The spirit of collaboration runs deep in Alison Maclean’s “The Rehearsal,” the filmmaker’s often ambitious and hearteningly daring big screen adaptation of Man Booker Prize-winning author Eleanor Catton’s first novel of the same name. Catton won the prestigious Booker for her latest novel — only her second! — “The Luminaries,” making her the youngest recipient of the storied book prize since its inception in 1969.
That Catton is so accomplished at such a young age speaks to the themes of “The Rehearsal,” which she wrote when she was just 21 as her Master’s thesis, which follows a teen girl dealing with the fallout from her older sister’s affair with a teacher at their high school, juxtaposed alongside the story of a group of drama students who later attempt to use the ensuing scandal as fodder for an important performance. The two stories and their respective characters mix and mingle in unexpected ways, finding strange parallels and deep insights along the way.
Maclean’s final film is quite different than Catton’s original novel, as it mostly focuses on the drama students — and main character Stanley, played by James Rolleston — as they ready their their first-year performance at the notoriously tough arts school The Institute. The affair is still an important subplot, though Maclean’s script (written with Emily Perkins) swaps out the lecherous music teacher for a tennis coach, adding a canny level of physical involvement that neatly punctuates the story of sisters Victoria (Rachel Roberts) and Isolde (Ella Edward). As in the book, Stanley and Isolde begin dating, and he steadily mines her for information about her sister’s infamous relationship.
Courtesy of TIFF
The result is explosive, filled to bursting with commentary on the nature of inspiration, performance and, of course, collaboration.
After screening the feature to a room full of press, Maclean took to the stage of Lincoln Center’s Walter Reade Theater to conduct an intimate press conference on her revelatory return to the screen, 17 years after her last feature film (the Billy Crudup-starring “Jesus’ Son”), and how exactly Catton proved to be the perfect collaborator.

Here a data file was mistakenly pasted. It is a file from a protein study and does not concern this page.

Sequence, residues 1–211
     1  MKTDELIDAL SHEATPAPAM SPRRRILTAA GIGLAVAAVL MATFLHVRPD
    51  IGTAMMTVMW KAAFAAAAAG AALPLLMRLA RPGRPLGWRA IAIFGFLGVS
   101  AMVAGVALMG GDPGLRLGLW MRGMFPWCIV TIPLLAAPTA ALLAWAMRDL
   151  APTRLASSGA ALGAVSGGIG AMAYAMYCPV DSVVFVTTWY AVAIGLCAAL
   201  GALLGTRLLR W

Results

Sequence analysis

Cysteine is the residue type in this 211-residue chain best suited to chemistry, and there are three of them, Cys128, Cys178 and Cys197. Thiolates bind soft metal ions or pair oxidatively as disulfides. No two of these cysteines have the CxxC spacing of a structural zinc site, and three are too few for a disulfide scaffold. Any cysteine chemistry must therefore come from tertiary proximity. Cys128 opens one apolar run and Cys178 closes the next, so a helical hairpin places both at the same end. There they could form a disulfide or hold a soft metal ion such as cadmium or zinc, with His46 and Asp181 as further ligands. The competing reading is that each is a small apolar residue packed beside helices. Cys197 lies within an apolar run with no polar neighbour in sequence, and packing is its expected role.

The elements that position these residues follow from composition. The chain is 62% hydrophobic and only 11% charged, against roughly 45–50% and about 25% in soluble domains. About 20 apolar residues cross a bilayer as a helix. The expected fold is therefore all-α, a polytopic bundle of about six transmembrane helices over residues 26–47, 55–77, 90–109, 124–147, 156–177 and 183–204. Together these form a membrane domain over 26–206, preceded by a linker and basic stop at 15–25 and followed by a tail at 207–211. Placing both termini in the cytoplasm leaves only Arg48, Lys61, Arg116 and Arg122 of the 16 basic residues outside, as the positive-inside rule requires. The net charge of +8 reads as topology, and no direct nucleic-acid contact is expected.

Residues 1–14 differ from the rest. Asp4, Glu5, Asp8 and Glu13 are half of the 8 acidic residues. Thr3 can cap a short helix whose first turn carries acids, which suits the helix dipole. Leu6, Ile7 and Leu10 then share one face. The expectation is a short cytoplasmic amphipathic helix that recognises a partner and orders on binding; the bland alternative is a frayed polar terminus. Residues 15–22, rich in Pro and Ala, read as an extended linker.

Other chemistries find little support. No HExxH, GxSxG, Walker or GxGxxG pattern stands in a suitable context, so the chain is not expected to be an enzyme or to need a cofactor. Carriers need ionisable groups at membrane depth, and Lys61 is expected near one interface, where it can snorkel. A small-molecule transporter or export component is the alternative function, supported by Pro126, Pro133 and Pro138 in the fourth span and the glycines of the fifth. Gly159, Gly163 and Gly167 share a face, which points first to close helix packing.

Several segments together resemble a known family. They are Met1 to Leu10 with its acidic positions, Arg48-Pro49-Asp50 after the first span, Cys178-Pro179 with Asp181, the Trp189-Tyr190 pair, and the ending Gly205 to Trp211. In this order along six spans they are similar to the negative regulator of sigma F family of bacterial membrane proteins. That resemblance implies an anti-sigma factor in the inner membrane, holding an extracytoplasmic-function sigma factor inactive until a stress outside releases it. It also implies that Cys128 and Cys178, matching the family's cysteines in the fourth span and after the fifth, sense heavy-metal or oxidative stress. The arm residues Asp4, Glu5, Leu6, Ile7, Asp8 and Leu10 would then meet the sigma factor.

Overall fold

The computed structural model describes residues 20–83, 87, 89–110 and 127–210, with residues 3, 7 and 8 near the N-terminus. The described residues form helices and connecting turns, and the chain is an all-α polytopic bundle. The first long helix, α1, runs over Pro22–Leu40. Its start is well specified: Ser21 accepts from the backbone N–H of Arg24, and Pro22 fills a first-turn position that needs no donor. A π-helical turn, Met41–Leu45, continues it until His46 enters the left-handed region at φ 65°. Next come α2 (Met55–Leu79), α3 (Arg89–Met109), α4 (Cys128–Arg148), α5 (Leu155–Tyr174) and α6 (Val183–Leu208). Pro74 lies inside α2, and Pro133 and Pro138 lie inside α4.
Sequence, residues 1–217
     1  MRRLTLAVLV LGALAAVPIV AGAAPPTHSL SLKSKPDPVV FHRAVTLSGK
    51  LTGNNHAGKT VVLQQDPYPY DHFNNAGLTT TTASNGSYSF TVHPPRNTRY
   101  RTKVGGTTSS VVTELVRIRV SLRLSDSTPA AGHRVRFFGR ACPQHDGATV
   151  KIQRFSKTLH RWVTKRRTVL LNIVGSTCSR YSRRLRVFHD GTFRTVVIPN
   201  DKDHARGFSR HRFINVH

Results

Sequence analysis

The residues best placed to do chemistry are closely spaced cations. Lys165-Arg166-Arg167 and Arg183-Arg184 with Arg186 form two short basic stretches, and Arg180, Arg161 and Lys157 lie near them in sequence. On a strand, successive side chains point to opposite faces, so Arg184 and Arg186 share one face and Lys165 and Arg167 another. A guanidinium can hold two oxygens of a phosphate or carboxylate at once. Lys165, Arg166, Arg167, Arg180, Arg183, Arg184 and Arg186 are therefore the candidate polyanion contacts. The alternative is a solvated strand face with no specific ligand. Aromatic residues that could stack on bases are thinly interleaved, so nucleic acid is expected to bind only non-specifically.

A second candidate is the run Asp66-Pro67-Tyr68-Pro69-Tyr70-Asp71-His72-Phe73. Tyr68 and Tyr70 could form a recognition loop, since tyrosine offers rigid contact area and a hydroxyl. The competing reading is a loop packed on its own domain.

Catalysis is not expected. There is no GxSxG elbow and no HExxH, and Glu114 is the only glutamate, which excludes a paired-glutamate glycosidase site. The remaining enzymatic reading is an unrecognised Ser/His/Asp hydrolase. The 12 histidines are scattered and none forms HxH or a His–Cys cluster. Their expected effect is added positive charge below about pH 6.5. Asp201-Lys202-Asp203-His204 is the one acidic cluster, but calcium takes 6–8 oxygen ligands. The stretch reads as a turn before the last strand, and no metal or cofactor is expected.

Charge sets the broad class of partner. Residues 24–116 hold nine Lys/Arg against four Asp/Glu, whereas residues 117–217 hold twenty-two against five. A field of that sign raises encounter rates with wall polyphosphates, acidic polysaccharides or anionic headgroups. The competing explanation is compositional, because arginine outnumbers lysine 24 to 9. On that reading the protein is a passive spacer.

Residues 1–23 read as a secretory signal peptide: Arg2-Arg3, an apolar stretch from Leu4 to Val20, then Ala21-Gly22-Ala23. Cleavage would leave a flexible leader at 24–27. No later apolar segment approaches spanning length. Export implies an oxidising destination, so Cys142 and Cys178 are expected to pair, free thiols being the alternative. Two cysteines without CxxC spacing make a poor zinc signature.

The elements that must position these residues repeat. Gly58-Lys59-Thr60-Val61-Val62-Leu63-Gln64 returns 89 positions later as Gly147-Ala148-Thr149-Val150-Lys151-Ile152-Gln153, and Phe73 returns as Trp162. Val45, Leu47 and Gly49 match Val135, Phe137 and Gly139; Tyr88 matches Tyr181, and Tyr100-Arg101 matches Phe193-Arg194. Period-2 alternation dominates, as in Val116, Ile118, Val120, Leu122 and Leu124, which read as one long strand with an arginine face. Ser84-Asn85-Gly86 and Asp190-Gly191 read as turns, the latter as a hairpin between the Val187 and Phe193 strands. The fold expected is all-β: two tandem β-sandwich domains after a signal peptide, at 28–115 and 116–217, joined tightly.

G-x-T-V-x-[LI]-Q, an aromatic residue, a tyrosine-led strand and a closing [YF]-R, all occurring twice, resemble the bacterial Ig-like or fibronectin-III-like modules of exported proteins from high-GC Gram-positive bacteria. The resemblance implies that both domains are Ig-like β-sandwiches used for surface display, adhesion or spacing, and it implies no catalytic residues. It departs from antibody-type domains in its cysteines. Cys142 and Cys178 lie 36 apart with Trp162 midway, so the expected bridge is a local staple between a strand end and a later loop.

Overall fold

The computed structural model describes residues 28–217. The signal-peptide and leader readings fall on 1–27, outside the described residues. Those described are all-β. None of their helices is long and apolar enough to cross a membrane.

“She was the ideal author to work with,” Maclean said when asked about working with Catton. “She’s very, very hands off.”
The filmmaker explained, “I approached her about the option, she checked out my work, we had a very nice meeting, but she didn’t ask me one question about the kind of film I imagined it being, or how we would adapt the book. She just kind of trusted me and trusted us and let us get on with it.”
Yet that doesn’t mean that Catton wasn’t invested and interested in the process. “About three or four drafts in, we sent it to her, and she was just very open,” Maclean remembered. “She was just very curious about what a film can do that’s different from what a book does. She gave us some very helpful, very generous notes, visited the set a few times. I think she was just really fascinated by the filmmaking process.”
Catton, coincidentally enough, is making her own foray into screenwriting, and is working on turning “The Luminaries” into a six-part series.
And, in keeping with the film’s themes of talented, impulsive youth, it seems that even Catton may have moved on from her first breakout. Maclean later added a little backstory, telling the crowd, “This is her first novel that she wrote when she was 21, and she’s so talented and precocious, she’s already sort of disowned her first work as being kind of a youthful work.” Ah, youth.
“The Rehearsal” premiered at the 2016 Toronto International Film Festival and will screen at the New York Film Festival. It is currently seeking U.S. distribution.